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Please be sure to check out the other blogs that have participated in the Blog Hop on RTI for May’s Better Hearing and Speech Month:

Here is The Schedule (Links may take you to the author’s site as opposed to directly to their blog since this post is being published at the beginning of the month):

5/1/2015 Kick Off to Better Hearing and Speech Month!

5/2/2015 RTI for the R sound! Badger State Speechy

5/3/2015 Response to Intervention in High School– A Journey from Abject Frustration to Collaboration and Student Success Stephen Charlton Guest blogs on Speech Language Literacy Lab

5/4/2015 Technology and RTI  Building Successful Lives Speech & Language

5/5/2015 Starfish Therapies

5/6/2015 Orton Gillingham Approach & RTI  Orton Gillingham Online Academy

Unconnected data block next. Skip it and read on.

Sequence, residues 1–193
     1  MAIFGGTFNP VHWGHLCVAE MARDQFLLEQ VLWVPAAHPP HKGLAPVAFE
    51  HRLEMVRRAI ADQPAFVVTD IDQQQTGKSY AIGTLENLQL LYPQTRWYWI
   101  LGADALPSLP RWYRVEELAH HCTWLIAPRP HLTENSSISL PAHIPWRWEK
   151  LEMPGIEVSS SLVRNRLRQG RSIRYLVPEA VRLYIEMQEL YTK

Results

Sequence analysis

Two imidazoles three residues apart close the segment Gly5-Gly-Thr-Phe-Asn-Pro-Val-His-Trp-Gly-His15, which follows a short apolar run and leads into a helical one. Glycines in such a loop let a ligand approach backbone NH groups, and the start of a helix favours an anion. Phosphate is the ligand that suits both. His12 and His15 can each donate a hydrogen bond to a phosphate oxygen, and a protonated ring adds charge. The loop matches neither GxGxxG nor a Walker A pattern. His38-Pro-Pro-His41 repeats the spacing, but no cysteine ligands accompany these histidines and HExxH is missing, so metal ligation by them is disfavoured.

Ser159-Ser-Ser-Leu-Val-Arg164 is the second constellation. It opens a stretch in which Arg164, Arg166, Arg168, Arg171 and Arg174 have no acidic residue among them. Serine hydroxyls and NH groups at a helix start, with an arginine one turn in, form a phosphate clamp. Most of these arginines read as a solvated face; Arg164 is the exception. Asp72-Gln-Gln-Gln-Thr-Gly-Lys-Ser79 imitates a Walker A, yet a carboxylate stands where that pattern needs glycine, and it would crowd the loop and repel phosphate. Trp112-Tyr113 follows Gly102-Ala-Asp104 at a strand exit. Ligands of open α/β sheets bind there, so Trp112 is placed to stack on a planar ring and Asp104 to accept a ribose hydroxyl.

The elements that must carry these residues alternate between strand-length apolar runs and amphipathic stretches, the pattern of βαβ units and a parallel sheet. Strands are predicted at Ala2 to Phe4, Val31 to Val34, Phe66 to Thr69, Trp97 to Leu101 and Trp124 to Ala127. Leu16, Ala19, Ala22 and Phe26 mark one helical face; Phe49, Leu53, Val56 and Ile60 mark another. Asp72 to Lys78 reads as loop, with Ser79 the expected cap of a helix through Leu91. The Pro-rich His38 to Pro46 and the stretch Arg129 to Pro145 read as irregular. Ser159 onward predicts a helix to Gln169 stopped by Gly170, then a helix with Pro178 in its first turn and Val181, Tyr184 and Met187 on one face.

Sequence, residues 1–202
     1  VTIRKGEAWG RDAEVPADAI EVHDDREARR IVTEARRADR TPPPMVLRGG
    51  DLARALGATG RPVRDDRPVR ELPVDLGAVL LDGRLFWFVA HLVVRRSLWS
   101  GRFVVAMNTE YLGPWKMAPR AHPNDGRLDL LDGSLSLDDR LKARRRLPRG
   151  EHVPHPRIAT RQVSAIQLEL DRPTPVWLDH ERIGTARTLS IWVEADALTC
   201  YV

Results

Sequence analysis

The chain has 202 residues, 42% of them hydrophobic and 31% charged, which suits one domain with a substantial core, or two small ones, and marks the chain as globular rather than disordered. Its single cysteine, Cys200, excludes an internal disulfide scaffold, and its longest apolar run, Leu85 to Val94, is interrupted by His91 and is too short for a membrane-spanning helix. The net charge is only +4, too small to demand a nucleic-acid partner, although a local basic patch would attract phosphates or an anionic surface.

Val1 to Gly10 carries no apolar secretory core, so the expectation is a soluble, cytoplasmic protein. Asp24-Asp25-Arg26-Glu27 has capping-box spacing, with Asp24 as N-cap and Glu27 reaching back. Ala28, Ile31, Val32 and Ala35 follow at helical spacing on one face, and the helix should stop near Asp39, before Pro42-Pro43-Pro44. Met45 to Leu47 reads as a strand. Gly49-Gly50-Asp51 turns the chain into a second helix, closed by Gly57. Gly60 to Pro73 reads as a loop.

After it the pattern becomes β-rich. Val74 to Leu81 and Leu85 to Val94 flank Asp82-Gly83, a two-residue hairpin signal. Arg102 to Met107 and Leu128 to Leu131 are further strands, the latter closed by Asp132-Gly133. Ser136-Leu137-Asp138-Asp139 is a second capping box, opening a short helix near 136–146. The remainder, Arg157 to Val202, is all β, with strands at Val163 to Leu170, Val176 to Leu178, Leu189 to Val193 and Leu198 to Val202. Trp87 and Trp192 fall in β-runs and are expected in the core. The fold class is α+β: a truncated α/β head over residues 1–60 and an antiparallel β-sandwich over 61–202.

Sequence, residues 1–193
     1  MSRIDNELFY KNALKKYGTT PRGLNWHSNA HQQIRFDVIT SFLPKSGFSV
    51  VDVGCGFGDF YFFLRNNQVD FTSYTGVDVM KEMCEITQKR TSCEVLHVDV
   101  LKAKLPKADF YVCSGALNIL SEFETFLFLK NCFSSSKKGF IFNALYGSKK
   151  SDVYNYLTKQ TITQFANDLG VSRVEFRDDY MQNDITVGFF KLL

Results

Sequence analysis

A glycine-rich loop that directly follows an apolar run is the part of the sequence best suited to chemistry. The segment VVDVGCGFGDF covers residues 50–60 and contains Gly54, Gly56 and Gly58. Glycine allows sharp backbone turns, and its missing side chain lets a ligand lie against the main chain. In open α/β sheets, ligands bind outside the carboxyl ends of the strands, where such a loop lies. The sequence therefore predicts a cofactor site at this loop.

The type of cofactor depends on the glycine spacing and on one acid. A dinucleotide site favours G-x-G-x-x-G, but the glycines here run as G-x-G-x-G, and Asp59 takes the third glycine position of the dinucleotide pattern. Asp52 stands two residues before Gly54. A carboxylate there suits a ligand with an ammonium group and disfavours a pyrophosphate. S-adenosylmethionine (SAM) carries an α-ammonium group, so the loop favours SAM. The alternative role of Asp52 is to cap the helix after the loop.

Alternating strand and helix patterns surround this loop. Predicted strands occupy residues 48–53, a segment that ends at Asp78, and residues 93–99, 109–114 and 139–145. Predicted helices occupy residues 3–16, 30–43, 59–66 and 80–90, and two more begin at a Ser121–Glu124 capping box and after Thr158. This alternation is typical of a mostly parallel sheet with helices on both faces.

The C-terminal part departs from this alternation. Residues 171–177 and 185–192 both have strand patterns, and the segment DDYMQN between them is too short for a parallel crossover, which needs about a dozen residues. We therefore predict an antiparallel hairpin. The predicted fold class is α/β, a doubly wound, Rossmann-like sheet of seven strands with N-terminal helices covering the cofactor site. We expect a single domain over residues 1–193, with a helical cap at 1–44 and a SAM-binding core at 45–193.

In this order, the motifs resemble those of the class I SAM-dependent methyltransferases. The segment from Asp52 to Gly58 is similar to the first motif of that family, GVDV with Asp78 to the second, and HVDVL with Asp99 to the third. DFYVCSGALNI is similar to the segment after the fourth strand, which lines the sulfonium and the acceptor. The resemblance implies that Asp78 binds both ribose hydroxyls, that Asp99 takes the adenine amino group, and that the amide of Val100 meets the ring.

5/7/2015 Evidenced-based writing that works for RTI & SPED SQWrite

5/8/2015 RTI/MTSS/SBLT…OMG!  Let’s Talk! with Whitneyslp

5/9/2015 RtI, but why?  Attitudes are everything!  Crazy Speech World

5/10/2015      Consonantly Speaking

5/11/2015 Universal benchmarking for language to guide the RTI process in Pre-K and Kindergarten      Speech Language Literacy Lab

5/12/2015 Movement Breaks in the Classroom (Brain Breaks)   Your Therapy Source

5/13/2015 How to Write a Social Story   Blue Mango LLC

5/14/2015 Some Ideas on Objective Language Therapy    Language Fix

5/15/2015 Assistive Technology in the Classroom  OTMommy Needs Her Coffee

5/16/2015 Effective Tiered Early Literacy Instruction for Spanish-Speakers Bilingual Solutions Guest blog on Speech Language Literacy Lab